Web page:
I hope you are all well as we slowly emerge from The Long 2020. I’m writing to inform you of some important changes to our Governance structures that have recently been approved by the Council.
In recent years, the Medieval Academy of America has had to become a more outward-facing organization even as we continue our long tradition of supporting, publishing, and promoting exceptional scholarship in Medieval Studies. Our field, and our members, face growing threats, from white supremacy to fiscal precarity to the adjunctification of academia, a shriveling academic job market, cuts to the humanities, and so on. The Medieval Academy has responded by expanding programming and grantmaking to offer support and a scholarly platform to a broader base of medievalists, including working to make space for BIPOC scholars and scholars working beyond the tenure track. I believe that we are becoming a place where otherwise-disenfranchised medievalists feel like they have a home. But our governance structure, as laid out in our bylaws, has not kept up with these changes.
Effective governance should be facilitated by comprehensive and appropriate bylaws. Our current bylaws were written several decades ago, when we were a very different kind of organization governed by a largely homogenous group of Councilors. The bylaws weren’t designed for the kind of organization that we are and that we want to be in the present moment. Our Council isn’t homogenous anymore. MAA members have elected leaders from varied demographics, from varied professional and personal backgrounds, all of whom bring their valuable experience and perspective to the table. But the bylaws haven’t kept up. We’ve made some important policy changes in recent years, but there is significant deeper work to do. It begins here, with a series of structural changes that were approved by the Council on June 1:
1) The number of Fellows and Corresponding Fellows has been expanded to 150 and 100 respectively in response to a recommendation by the Fellows themselves. This numeric expansion (in conjunction with other Fellows reforms) is intended to broaden the scope of medievalists elected to the corps of Fellows each year.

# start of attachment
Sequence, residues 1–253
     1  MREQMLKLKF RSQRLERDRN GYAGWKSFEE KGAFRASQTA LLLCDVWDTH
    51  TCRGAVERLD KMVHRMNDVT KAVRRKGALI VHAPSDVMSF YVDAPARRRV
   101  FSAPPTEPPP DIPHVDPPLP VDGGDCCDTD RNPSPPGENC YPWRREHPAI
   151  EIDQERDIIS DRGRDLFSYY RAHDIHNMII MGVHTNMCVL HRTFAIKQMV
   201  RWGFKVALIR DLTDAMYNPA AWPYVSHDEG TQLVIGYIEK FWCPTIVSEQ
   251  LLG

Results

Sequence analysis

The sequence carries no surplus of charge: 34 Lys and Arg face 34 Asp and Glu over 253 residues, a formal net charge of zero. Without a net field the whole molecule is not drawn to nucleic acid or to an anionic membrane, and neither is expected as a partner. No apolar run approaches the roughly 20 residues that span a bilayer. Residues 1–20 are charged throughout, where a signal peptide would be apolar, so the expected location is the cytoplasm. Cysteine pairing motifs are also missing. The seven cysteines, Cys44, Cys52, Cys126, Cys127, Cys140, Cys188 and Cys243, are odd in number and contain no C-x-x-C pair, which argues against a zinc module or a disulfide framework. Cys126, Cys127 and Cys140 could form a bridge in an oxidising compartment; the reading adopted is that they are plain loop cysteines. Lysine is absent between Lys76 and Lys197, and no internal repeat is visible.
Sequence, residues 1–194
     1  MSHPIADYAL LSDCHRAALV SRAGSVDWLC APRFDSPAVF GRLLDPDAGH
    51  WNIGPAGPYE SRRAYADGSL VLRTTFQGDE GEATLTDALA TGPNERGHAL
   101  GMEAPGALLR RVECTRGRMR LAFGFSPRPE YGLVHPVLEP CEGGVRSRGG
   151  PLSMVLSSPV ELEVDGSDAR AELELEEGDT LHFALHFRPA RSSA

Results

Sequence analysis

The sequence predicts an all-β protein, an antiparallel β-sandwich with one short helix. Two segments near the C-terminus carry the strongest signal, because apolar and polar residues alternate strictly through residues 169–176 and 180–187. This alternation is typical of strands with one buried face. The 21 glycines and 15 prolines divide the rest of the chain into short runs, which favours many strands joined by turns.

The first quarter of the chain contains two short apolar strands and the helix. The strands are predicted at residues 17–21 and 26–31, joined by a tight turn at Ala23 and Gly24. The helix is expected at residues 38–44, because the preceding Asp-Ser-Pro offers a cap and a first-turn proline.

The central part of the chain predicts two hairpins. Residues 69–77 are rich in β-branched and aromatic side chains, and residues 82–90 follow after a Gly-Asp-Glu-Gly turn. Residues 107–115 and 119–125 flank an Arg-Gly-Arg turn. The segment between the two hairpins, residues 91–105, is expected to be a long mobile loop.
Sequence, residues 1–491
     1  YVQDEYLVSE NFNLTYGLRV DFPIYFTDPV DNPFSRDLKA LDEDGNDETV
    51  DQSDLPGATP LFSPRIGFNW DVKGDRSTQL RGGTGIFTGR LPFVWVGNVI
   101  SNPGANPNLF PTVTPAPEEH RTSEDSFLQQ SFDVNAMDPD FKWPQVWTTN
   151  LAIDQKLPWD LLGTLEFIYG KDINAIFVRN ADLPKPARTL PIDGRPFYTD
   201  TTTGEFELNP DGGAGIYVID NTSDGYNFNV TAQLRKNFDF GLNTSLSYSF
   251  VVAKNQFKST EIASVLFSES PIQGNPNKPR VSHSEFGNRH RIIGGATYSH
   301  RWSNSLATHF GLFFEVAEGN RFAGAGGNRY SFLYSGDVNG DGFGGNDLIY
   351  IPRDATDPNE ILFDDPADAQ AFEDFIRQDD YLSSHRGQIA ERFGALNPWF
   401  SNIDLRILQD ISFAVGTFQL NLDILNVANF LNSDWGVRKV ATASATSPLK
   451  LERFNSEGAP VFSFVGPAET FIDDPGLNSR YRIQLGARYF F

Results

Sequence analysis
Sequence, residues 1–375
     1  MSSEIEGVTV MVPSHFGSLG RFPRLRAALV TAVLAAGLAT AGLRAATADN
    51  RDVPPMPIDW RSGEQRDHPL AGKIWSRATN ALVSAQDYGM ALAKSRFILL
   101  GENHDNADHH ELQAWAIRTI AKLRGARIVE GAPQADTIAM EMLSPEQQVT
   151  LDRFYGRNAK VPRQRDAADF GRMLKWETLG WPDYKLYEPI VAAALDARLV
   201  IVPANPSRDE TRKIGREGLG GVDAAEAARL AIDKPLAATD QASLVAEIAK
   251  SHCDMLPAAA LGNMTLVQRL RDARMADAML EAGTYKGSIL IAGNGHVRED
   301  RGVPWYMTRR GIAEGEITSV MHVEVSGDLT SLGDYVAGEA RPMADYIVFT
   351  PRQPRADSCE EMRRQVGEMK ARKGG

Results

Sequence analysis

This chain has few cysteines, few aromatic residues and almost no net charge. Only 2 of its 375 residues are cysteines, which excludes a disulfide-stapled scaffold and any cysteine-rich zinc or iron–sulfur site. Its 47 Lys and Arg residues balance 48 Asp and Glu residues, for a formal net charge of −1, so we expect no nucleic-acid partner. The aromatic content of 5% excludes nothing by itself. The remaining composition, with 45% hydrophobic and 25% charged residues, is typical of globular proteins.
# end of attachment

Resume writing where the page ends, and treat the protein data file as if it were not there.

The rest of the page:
2) Elections and Voting: Last year, the ballot for Council and the Nominating Committee required ranked-choice voting. In response to the historically-low voter turnout and feedback from members who found the necessity of ranking eight Council candidates to be overly-burdensome, we will be returning to a simple majority vote in the upcoming election. Members will be asked to vote for one of three candidates for 2nd Vice-President; four of eight candidates for Council; and two of four candidates for the Nominating Committee.
3) Filling vacancies on the Council: Our past Bylaws stated that when a midterm vacancy occurred on the Council, the Council was to appoint someone to serve out the term. The current Council was not comfortable with that policy, as they felt it served to disenfranchise MAA members. In accordance with the new policy, when a vacancy occurs among the elected officers or Councilors, the Nominating Committee will nominate three members of the Academy to stand for Special Election to fill the vacancy. The Council will vote to approve the slate, and the Executive Director will facilitate a Special Election among the Membership. There is currently one midterm vacancy on the Council; a Special Election will therefore be held in a few months to fill the seat.
4) Structure of the Council: Previously, the Council was divided into two bodies: the Executive Committee and the Committee on Committees. This division was, in a word, divisive. Going forward, the duties of both of these subgroups will be taken on by the full Council as a unified body.
5) Meetings: Instead of meeting as a whole body only once per year in conjunction with the Annual Meeting, the Council will meet at least once per quarter, with other meetings as necessary. With the exception of the meeting in conjunction with the Annual Meeting, these meetings will be virtual.
These new policies, which will be codified pending review by our attorney, may seem insignificant to you, and you might not have even known how our governance worked in the first place. But these are indeed major changes. By uniting the Council into a single governing body and meeting more frequently, we hope to make our governance more lithe, effective, cooperative, and transparent.
These changes are just the beginning of a long-term system-wide review of all MAA policies and procedures as we move towards our second century. This review will help us continue the work of making the Academy a place where all are welcome and where we actively work towards inclusion, diversity, justice, and equity. I am grateful for the leadership of President Tom Dale and all of the MAA Councilors, and I look forward to working with them, and with you, as this process moves forward. I encourage you to reach out to me at any time with your thoughts and suggestions.
I hope you will enjoy a safe and relaxing summer.
Lisa Fagin Davis